I am occasionally asked by friends about prospects for all sorts of “green” technologies to have an impact on satisfying the world’s energy consumption. It is difficult to get ones mind around the scale of the problem but there have been some pretty good attempts, which I will mention below.
To these quantitative analyses I want to add a test that any layperson can use to sort out plausible new energy technologies from the implausible. That test is a test of poetry.
Another way to bring thoughts about alternative technologies down to a human scale is to realize that if any of these technologies are to make numerically significant impact feeding the world’s voracious energy usage, that technology must be describable as both “unrelenting” and “awesome.” Unrelenting like a major river fed from an unquenchable source. Relentless like the sun beating down through cloudless dessert sky. Unstoppable like the decay of a radioactive isotope with a 10,000-year half-life.
It must also be awesome on a human scale. Awesome like the visceral feel-it-in-your-gut roar of a massive river cascading down the canyon. Overwhelming like the blistering sun scorching a dessert one cannot walk across in days.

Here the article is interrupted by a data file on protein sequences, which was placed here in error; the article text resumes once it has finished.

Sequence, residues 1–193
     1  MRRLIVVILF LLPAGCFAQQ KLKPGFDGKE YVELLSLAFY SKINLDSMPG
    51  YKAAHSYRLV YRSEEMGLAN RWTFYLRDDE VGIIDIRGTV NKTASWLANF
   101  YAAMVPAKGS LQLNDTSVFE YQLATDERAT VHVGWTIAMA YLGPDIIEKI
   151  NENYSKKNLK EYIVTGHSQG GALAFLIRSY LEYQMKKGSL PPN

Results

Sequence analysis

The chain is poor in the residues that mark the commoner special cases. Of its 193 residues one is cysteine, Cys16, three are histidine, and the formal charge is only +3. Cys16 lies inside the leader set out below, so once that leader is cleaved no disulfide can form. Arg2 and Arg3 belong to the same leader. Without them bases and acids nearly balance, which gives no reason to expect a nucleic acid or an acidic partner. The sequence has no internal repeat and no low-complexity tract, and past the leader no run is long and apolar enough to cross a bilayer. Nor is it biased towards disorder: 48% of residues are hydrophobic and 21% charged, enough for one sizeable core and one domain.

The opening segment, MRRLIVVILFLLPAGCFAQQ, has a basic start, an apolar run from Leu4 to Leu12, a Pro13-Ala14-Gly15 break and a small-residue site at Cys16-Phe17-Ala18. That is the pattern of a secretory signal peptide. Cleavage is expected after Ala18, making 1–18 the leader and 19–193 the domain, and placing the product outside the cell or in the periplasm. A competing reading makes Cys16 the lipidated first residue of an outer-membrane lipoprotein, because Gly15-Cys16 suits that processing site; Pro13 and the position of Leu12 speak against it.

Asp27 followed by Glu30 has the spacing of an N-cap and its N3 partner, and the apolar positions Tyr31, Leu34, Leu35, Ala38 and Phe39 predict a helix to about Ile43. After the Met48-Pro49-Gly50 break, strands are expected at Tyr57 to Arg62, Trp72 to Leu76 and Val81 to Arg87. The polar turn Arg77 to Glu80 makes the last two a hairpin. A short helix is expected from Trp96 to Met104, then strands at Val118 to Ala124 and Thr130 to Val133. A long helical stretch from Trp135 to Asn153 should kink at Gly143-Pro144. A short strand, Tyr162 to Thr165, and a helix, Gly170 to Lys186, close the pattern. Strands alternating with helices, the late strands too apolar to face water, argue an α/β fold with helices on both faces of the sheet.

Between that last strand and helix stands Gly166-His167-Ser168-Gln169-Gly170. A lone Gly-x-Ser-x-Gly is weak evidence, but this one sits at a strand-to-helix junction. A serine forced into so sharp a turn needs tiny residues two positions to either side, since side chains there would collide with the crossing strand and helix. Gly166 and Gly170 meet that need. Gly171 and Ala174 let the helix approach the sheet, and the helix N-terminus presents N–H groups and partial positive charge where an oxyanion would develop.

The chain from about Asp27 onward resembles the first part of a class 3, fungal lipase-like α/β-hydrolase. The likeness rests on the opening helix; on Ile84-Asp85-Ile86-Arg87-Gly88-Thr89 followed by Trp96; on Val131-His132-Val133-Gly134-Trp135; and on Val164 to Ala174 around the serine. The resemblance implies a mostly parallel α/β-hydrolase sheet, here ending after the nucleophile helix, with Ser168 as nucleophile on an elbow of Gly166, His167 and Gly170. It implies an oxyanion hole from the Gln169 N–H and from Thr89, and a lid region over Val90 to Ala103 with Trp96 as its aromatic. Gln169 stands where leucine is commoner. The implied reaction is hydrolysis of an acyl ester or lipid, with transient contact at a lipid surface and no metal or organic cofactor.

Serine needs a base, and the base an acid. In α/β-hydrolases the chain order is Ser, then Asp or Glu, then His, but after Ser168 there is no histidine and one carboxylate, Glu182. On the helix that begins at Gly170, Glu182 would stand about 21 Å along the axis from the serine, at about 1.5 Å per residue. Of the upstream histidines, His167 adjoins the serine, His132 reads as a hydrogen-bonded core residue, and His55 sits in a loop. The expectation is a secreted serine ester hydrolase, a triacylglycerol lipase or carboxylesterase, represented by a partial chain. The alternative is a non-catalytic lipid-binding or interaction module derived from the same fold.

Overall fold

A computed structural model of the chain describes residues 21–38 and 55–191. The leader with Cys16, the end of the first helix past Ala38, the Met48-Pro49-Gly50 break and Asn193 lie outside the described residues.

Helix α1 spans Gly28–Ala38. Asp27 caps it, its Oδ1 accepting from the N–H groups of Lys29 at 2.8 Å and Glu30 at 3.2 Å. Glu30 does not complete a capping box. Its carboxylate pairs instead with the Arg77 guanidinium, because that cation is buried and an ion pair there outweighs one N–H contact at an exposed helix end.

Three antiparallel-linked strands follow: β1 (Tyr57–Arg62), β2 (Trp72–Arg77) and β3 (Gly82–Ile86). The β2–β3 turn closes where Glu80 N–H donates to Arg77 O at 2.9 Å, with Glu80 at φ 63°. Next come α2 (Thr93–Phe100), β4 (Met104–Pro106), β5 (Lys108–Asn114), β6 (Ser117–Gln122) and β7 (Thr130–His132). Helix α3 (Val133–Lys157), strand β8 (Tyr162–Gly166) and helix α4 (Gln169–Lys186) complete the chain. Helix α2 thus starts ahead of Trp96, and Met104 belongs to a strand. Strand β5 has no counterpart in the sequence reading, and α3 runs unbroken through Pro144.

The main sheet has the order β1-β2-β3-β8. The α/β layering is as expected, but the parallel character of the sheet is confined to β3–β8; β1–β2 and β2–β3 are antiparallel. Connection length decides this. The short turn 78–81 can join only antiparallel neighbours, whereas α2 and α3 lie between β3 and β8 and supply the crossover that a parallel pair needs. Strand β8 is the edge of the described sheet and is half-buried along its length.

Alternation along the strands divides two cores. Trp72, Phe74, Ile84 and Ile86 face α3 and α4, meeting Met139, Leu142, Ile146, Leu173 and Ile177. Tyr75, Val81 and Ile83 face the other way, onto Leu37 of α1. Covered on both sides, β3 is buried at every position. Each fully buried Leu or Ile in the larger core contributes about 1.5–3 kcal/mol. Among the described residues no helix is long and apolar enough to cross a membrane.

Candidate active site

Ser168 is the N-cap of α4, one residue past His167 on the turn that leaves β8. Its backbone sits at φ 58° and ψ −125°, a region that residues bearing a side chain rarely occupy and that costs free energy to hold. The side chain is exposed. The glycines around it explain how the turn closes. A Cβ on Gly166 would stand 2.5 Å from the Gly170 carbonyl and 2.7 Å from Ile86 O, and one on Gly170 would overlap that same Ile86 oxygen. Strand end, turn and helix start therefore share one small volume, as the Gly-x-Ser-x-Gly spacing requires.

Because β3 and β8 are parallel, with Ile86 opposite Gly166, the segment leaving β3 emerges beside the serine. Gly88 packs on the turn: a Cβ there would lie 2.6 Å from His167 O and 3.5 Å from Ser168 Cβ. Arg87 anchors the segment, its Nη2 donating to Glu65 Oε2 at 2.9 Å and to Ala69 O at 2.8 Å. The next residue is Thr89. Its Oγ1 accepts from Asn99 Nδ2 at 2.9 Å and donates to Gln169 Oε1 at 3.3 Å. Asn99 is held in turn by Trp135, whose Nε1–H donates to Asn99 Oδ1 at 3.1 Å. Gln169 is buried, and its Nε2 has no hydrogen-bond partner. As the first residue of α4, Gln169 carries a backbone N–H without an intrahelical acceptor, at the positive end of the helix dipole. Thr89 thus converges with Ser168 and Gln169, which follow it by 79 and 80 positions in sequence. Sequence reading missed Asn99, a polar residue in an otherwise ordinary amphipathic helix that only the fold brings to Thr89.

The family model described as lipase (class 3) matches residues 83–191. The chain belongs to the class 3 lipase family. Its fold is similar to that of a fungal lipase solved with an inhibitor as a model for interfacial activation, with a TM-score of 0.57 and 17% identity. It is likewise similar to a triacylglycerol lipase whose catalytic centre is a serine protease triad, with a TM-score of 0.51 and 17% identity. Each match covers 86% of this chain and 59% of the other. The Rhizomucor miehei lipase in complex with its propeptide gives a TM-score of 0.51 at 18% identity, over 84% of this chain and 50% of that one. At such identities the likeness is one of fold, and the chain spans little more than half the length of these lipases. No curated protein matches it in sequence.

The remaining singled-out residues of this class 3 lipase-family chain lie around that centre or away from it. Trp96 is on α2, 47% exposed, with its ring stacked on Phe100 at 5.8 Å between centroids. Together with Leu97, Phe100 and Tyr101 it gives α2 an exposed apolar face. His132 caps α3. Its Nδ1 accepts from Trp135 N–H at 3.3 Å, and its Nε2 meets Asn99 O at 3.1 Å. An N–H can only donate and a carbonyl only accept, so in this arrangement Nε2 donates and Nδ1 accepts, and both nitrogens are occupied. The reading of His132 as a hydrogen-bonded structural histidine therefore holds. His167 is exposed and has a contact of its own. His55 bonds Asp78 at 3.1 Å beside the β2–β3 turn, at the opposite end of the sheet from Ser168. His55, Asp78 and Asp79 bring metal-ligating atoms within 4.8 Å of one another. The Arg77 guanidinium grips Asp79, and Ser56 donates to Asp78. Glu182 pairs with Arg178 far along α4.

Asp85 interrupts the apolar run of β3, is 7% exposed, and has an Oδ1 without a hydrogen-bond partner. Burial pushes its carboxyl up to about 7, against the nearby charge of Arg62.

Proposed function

If the technology is too tame, too gentle, to be described with poetic words such as awe-inspiring, never-ending, unrelenting, gargantuan, overwhelming, and even terrible; if the phenomenon does not make you feel insignificant, then sadly it too is too insignificant to quench our monstrous energy appetite.
Thus many a new energy pretender can be dismissed by its lack of poetry.
As for other ways of visioning the problem, I like the “cubic mile of oil” (CMO) image (that is about what we burn globally per year) that has been used to some effect by, for instance, Hewitt Crane in his lecture in Engelbart’s Colloquium, or in the IEEE Spectrum article by Goldstein and Sweet where they talk about how much, in the way of alternatives, we would need to build each year for 50 years to reach an equivalent energy equal to one cubic mile of oil, assuming that we had that long. There are lots of criticisms of this work, e.g., why does the world need another unit of energy or, more seriously, issues such as that wind and solar do not run all the time or that the efficiencies of usage are not visually represented, but I think that the CMO gives a pretty good sense of scale.